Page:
Abortion drugs selling freely in Malawi

Against anti-abortion laws in the country, some pregnant women wishing to terminate the pregnancy are consuming drugs which they easily access over the counter in some pharmacy stores.

However, the drugs have potentially dangerous effects if mishandled, according to medical experts.

One of the drugs, Misoprostol (Cytotec), is originally meant to treat gastric ulcers caused by the consumption of another drug.

However, some women interviewed at random in Lilongwe yesterday said the decision to turn to the drugs is because under the laws of Malawi, women cannot seek abortion in the health facilities.

One source added that the women who buy the drugs are knowledgeable and have the money to buy it.

“Those who are buying this drug in the shops are knowledgeable and have the means with which to buy the drug although the issue of dosage is there.

“But think about a woman in the remote part of Dowa who has decided she does not need the baby. They will use unsafe means to get rid of it and in the end harm themselves,” said one woman on Monday.

Another woman, who requested to be identified only by her first name, Evelyn, said she had once used the drug herself and she knew a number of other friends who have also used the drug to induce abortion.

The drug commonly used is Kontrac 200, one of the drugs under the Misoprostol range.

It is manufactured in India by Fourts Laboratories Pvt. Limited.

It has safe abortion message which reads “Warning: Misoprostol is contraindicated in pregnant women and also in those women who are going to be pregnant in a short period of time. It can cause abortion”.

The Daily Times managed to procure the drug over the counter of a pharmacy store in Lilongwe on Monday.

The cost of a full dose of the drug is between K560 to K2,000 depending on the location of the store.

The Daily Times investigation found that the drug was available on the counter in three major pharmacy stores visited in the city.

In one of the shops in which The Daily Times bought the drug, an attendant wanted to know why we wanted the drug.

But he proceeded to sell it to this reporter anyway even without getting the reason why we wanted the drug.

He, however, urged the reporter to bring prescription next time.

According to Dr Grace Chiudzu, Obstetrician and Chief Gynecologist at Ethel Mutharika Maternity Wing at Kamuzu Central Hospital, the danger of the free availability of the drugs in Malawi is that women taking it would have no information on acceptable dosage.

This, she said, results in the drug causing complications instead of procuring a safe abortion.

Chiudzu said post abortion care is costly to public health facilities.

She spoke against the sale of the drug over the counter, saying the drug would be better used if accessed through the prescription of qualified health professional.

“The drugs have to be taken in correct dosage. Those who use them wrongly can actually rapture the uterus, which would then require surgical removal.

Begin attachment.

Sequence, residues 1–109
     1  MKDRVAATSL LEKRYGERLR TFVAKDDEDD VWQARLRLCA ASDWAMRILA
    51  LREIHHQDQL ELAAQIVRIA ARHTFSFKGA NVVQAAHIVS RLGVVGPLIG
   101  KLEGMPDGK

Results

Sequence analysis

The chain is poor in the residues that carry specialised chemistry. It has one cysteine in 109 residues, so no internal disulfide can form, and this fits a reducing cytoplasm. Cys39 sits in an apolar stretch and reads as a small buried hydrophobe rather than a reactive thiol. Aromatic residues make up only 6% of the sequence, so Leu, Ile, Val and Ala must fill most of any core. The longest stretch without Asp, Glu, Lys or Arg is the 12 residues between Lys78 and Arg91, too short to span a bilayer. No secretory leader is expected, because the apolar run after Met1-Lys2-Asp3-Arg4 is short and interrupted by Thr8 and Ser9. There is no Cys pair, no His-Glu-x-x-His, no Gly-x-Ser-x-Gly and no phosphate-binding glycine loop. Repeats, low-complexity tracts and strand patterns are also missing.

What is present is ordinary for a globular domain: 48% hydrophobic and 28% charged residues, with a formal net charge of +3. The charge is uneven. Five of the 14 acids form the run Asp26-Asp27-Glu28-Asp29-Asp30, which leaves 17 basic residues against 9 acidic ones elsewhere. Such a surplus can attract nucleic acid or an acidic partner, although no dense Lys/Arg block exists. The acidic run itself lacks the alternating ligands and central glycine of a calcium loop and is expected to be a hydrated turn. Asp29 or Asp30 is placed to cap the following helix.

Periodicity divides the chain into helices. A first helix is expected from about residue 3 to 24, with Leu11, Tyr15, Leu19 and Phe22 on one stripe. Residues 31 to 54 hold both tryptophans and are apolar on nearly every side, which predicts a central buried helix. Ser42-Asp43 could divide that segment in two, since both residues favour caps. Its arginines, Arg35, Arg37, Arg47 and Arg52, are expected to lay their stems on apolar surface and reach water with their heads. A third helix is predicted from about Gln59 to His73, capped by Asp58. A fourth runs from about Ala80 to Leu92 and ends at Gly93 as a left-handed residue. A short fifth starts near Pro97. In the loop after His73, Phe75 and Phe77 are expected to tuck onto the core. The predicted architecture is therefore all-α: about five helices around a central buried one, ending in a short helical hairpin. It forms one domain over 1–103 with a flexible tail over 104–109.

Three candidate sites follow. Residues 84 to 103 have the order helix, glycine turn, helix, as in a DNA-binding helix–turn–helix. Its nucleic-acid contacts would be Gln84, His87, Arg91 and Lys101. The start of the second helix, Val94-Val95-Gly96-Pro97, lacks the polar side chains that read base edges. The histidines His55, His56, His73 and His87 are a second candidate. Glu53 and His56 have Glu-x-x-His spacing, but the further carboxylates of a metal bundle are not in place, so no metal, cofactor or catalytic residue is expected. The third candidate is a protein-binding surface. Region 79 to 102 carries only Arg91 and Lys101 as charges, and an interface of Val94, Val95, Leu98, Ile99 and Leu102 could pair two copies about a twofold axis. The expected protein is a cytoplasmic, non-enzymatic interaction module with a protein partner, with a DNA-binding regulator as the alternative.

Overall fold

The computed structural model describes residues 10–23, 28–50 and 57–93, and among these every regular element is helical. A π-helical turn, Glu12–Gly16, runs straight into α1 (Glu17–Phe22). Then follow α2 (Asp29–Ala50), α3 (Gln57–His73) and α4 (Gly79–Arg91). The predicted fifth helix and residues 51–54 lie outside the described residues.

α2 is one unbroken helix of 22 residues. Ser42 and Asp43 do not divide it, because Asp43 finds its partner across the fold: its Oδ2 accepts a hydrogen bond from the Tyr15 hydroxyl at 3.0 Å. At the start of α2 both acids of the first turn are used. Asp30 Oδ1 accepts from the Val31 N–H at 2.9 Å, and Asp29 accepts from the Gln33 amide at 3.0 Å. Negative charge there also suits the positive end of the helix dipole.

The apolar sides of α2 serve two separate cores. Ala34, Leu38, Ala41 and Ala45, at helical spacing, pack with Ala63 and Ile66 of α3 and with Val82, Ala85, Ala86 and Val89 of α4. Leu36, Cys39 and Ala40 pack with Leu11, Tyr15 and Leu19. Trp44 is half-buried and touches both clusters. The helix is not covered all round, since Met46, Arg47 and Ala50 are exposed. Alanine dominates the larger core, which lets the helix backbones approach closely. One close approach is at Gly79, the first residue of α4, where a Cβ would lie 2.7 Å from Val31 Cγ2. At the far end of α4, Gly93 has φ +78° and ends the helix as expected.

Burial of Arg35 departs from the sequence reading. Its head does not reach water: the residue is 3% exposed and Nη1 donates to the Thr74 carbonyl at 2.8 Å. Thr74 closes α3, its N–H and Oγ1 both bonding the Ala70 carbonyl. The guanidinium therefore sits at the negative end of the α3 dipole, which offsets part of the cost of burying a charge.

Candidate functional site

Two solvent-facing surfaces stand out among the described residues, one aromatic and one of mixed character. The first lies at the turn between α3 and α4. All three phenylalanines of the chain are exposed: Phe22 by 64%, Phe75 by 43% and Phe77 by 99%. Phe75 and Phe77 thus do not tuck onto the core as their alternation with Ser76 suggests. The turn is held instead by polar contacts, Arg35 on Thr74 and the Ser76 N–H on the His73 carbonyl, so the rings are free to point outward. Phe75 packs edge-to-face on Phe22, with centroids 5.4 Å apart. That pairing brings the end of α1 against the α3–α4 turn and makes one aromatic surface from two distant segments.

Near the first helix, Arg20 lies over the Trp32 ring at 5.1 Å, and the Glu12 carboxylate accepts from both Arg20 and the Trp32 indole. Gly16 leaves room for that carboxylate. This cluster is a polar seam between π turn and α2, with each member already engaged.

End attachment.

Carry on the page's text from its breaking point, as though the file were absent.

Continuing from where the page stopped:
“My feeling is that this drug should not be sold over the counter. There must be a prescription,” she said.

She, however, emphasised the need for parents to provide their children with correct information on sexuality as young people are now flooded with information that may be misleading and resulting into unwanted pregnancy.

In his observation, Ipas lead in Malawi Chrispine Sibande said there is need for strong advocacy for safe and legal abortion as a right for women in Malawi.

Ipas is an international organisation that promotes the protection of women’s reproductive rights.

“Women’s rights should be respected, protected and fulfilled. These include their right to life and attainment of the highest standard of health.

“Failure to give women access to safe abortion puts these rights at risk,” Sibande said.

He added that the laws of Malawi restrict, prohibit and criminalise abortion, except on medical reasons determined by the hospitals.

He, however, noted that while women in Malawi cannot request abortion in public health facilities when they think they need it, the same facilities have to provide care to backstreet abortion.

District Health Officer for Lilongwe, Dr Mwai Mwale, said recently that Bwaila Hospital sees up to 800 cases of abortion in a month.

During a recent visit to a number of public health facilities in the four regions of the country, a team of journalists learnt that all the referral hospitals have unsafe abortion clients on a daily basis.

Provision of legal abortion services in Malawi is only acceptable where it is done for the purpose of saving a woman’s life or where pregnancy follows an incident of rape or incest.

Ministry of Health spokesperson Henry Chimbali said unsafe abortion contributes between 19 and 24 percent of maternal deaths in this country and that the Public Health Act is under review and may take into account issues of abortion in Malawi.

“In 2009 we did a strategic assessment on the extent of unsafe abortions in Malawi and the results show that abortion is a problem even in married women. Women still procure abortion and die from unsafe abortion.

“The process of law reform to regulate abortion is long and we have made some strategic preliminary steps by collecting the data,” Chimbali said.

The women interviewed in Lilongwe said increasing access to the internet has opened the gates of information which was previously privileged to only few health personnel.

A recent media visit to public health facilities showed that the majority of the women showing up for post abortion care in public health facilities were those in the age ranges of 12 and 35.

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